It’s a beautifully written, elegant poem, that tells of the despair, the rage, that so many people feel because they lack control over their lives. Demi, of course, who has a gift but not the power to direct it when he needs to. But also, and more than anything, this is a poem about women – about the powerful, resilient Modupe who despite being attacked by Zeus, despite being oppressed, remains a strong woman intent on raising a brilliant child.

The fact that Zeus, a privileged, powerful, untouchable male is able to brutally attack and rape her with impunity is the horror at the heart of this poem, one that both she and Demi try to seek justice for, and one for which they both fail. A reflection, surely, of the realities of our unequal world where Zeus-like men can get away with, quite literally in this case, murder.

The style of the poem is lyrical and upbeat and beautiful, and one that optimistically celebrates the power of the powerless, but nevertheless it is this sad theme that is the main message of the book.

You get this mix of power and despair in the opening lines to the second part of the poem:

“They say when Modupe was born her own mother,

Who worshipped the God of vision and fiction, screamed

When she foresaw the future looks of her daughter:

the iridescent moon she’d resemble, the dream

she’d seem to men and thus the object she’d become.

Her mother had known these men her whole life, had seen

them all … from the weak and pathetic overcome

by lust, to warlords who to crush rebellion

would attack the women to daunt their men and son.

She’d suffered such brands of violence. It had churned

her for years.”

The High Window – Raymond Chandler

I don’t read Chandler or other hard-boiled fiction for it’s characters or plot, but it’s dialogue, style and atmosphere.

Set in a corrupt LA, populated by a pool of greedy rich people and a sea of desperate souls searching for money, security and happiness, The High Window is classic Chandler.

Marlowe is enlisted on a job for Mrs Murdoch, an ageing patriarch tracking down her daughter in law, Linda, who Murdoch says she suspects of stealing a valuable coin. As always, the trail takes Marlowe far and wide into a seedy world of high and low crime. There are murders, new character after new character, twist after twist as it turns no one is who they say they (except Marlowe), and in the end a resolution of a case that is as much to do with revenge and justice as the legal system.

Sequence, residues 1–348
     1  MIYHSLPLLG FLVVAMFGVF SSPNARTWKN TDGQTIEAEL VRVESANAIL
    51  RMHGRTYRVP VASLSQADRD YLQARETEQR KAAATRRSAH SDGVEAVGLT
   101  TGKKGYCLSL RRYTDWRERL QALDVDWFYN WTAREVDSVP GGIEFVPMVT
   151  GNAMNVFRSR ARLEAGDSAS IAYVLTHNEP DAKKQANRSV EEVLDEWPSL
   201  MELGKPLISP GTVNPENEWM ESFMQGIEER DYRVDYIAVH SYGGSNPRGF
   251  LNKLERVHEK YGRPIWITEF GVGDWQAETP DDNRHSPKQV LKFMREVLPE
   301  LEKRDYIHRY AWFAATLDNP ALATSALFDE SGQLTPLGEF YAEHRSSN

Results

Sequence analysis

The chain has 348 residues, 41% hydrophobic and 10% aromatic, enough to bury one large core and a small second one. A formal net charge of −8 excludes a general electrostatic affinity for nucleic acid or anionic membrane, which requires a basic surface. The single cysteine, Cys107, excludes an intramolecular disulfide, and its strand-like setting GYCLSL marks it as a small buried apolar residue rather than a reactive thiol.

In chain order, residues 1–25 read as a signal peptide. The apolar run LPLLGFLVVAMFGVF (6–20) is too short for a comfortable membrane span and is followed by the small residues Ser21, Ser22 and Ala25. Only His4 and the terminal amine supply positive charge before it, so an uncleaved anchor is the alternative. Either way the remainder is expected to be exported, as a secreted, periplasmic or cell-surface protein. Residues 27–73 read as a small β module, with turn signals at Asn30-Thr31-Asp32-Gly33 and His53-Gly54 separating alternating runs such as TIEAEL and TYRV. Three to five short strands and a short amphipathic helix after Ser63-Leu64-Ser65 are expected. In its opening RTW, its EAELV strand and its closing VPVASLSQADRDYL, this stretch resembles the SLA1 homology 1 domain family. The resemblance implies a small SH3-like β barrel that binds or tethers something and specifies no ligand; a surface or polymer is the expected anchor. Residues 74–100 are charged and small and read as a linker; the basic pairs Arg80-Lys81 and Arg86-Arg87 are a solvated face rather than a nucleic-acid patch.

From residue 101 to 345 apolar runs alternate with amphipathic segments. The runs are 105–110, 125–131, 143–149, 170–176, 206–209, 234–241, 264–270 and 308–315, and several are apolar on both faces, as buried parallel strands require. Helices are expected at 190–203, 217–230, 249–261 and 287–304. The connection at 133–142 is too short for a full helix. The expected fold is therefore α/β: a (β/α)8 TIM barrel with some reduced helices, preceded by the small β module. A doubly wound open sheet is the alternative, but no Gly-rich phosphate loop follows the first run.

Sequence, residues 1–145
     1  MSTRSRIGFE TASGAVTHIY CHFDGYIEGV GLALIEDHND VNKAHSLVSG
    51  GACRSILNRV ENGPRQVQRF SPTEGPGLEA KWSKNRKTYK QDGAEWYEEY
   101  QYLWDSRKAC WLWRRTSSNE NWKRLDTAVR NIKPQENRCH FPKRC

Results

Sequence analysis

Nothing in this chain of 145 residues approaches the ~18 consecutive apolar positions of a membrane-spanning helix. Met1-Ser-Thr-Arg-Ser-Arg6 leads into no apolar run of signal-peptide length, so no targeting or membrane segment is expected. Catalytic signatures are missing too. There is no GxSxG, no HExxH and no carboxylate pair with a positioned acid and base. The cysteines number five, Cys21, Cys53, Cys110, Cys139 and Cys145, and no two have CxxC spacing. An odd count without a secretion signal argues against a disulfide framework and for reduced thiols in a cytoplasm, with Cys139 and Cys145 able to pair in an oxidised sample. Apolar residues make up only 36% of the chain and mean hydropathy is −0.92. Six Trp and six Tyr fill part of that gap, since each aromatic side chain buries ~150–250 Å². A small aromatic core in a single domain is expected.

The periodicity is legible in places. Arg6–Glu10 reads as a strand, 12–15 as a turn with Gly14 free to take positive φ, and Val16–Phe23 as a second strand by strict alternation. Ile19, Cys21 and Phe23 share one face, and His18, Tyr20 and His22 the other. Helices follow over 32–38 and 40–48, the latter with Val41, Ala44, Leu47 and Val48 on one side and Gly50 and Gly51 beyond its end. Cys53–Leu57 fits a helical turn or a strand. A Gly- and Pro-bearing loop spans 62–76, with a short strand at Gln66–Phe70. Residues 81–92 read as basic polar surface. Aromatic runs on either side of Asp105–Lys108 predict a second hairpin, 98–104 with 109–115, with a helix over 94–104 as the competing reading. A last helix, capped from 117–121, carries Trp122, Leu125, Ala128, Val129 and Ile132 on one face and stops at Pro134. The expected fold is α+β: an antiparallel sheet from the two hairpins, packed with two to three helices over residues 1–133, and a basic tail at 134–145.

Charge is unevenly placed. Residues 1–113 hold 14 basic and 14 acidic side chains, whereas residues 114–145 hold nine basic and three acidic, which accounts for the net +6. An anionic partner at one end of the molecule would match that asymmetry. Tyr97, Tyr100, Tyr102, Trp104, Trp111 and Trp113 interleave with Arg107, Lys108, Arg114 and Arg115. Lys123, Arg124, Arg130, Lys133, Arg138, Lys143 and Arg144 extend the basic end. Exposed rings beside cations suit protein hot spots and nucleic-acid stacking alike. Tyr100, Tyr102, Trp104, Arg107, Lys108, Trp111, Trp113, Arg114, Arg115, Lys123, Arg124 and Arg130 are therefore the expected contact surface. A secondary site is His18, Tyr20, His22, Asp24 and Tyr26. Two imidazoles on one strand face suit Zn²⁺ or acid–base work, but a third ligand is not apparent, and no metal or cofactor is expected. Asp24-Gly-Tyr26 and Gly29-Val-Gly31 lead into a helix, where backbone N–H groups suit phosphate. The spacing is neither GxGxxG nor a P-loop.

I can’t say I followed all the plot twists, but it’s a joy to read. In fact, the style of writing, the incessant plot changes, encourages you read like Marlowe lives – in the moment, dealing with one situation after another as it arises, enjoying each scene as it’s happening.

Spring – Ali Smith

Written in Ali Smith’s wonderfully readable style, this a story about hope and positivity set against a very contemporary setting of immigration and discrimination.

Two tales interweave over the book. One is of an ageing BBC play director who is grieving the loss of his best friend, a women called Paddy. He impetuously gets on a train to Scotland to get away from the pressures of a new play he’s been asked to direct.

The other is of a security guard at a migrant detention centre, Brit, who apparently randomly meets a 12 year old called Florence who she thinks she recognises as a pro-migrant activist and, mostly out of curiousness and a sense of adventure, joins her on a train journey to Scotland. And it’s on the train that they meet Richard.

They are picked up by a women called Alda from the station who, it turns out, is part of a network of resistance against migrant detention.